James Harrison on Patriots' culture: 'I didn't have a problem with it’

James Harrison on Patriots' culture: 'I didn't have a problem with it’

As adversaries and former players openly wonder if the football culture in Foxboro is "fun" enough, recently-retired Pittsburgh Steelers legend James Harrison is asking, why does it matter?

In an interview with CBS Sports Network earlier this week, the former NFL Defensive Player of the Year reflected on the final stop of his 15-year career, the Patriots, who signed him late in the 2017 regular season after Pittsburgh released him, as insurance for New England as they geared up for their run to Super Bowl LII.

The biggest takeaway from his time with the Patriots?

"Discipline. That’s the big thing," the five-time Pro Bowler said. "They’re not going to ask you to do anything that is outside of what you’re capable of doing. And it’s, you learn the system and you go out there and you play it. And like I said, it's very regimented, so if you’re a guy that’s not used to discipline, you’re not going to like it there."

Harrison said it was even stricter than his years with former Steelers coach Bill Cowher, with whom he won his first Super Bowl in 2006.

"Cowher wasn't as regimented as Bill [Belichick] was," Harrison said. "Like I say, I didn’t have a problem with it. You know, I enjoyed my time there, you know, I thanked them for the opportunity they gave me to continue to play."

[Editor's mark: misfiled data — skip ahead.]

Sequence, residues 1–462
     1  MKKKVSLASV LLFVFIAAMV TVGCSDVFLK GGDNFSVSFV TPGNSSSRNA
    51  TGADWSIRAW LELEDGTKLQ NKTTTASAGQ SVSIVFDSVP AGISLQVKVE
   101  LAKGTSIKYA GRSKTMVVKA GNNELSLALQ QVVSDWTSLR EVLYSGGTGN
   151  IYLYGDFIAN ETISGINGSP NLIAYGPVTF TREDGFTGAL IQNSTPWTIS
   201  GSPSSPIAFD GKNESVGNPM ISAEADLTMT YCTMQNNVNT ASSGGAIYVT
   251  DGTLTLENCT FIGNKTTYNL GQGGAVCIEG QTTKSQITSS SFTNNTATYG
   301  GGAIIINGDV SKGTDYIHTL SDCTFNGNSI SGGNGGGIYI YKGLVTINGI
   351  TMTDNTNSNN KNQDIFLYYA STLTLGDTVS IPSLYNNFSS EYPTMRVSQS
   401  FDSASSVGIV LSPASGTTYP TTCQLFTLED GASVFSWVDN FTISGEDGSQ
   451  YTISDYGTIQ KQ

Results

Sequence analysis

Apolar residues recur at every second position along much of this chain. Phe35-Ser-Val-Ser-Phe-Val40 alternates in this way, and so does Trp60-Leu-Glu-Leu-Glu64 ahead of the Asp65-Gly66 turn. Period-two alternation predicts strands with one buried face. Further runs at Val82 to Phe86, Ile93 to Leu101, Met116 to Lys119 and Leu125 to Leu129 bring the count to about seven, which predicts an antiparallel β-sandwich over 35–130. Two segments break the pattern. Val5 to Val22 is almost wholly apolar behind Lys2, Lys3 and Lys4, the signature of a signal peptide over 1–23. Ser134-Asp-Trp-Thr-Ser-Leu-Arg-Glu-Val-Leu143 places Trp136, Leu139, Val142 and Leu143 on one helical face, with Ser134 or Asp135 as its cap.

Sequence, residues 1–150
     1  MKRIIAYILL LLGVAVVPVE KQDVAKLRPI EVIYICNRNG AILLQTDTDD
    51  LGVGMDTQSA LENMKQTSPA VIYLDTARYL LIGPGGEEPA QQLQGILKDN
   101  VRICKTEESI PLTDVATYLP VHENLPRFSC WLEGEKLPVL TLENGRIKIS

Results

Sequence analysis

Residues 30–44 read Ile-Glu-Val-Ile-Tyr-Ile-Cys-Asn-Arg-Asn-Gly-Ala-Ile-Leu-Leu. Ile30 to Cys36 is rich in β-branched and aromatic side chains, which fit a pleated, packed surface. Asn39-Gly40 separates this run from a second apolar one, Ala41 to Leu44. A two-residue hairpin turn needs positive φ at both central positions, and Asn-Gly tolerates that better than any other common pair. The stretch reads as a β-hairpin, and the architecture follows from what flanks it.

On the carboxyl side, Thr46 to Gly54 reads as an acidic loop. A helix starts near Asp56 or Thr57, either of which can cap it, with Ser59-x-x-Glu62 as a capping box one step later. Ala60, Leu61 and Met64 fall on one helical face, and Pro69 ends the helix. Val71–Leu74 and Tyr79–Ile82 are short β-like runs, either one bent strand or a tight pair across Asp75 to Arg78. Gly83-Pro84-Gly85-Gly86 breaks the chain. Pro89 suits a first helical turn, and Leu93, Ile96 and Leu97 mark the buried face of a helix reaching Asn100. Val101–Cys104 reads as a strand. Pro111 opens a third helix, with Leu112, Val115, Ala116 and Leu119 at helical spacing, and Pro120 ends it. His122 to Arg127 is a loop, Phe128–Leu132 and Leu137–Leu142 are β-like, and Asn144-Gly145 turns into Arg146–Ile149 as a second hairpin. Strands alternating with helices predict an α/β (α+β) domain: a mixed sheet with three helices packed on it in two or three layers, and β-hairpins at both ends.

Philadelphia Eagles offensive tackle Lane Johnson has repeatedly mocked the Patriots since his team them in Super Bowl LII, calling them "arrogant" and a "fear-based organization", even telling the Pardon My Take podcast, "I'd much rather have fun and win a Super Bowl than be miserable and win five Super Bowls."

Meanwhile, 49ers defensive end Cassius Marsh, who was released after eight games with the Pats in 2017, says he hated his time in New England and didn't have fun, telling the San Francisco Chronicle, "I confronted [Belichick] about all the things that were going on. I won't get into detail, but it was B.S. things they were doing. It just wasn't a fan."

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Reports: Patriots give FB James Develin a 2-year extension

Reports: Patriots give FB James Develin a 2-year extension

The Patriots and fullback James Develin have agreed to a two-year contract extension worth $3.8 million, according to multiple reports.

Jeff Howe of the Athletic was first to report that a deal was close and Field Yates of ESPN was first with the terms of the deal. 

Devlin, who turns 30 in July, is in the final season of a two-year, $2.45 million deal, made the Pro Bowl last season. The former defensive end at Brown, who has been with the Pats since 2012, has consistently earned high praise from Bill Belichick and Tom Brady.  

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Patriots add depth behind Gronk, who's all in (for now)

Patriots add depth behind Gronk, who's all in (for now)

Previously in the series:

 

THE SITUATION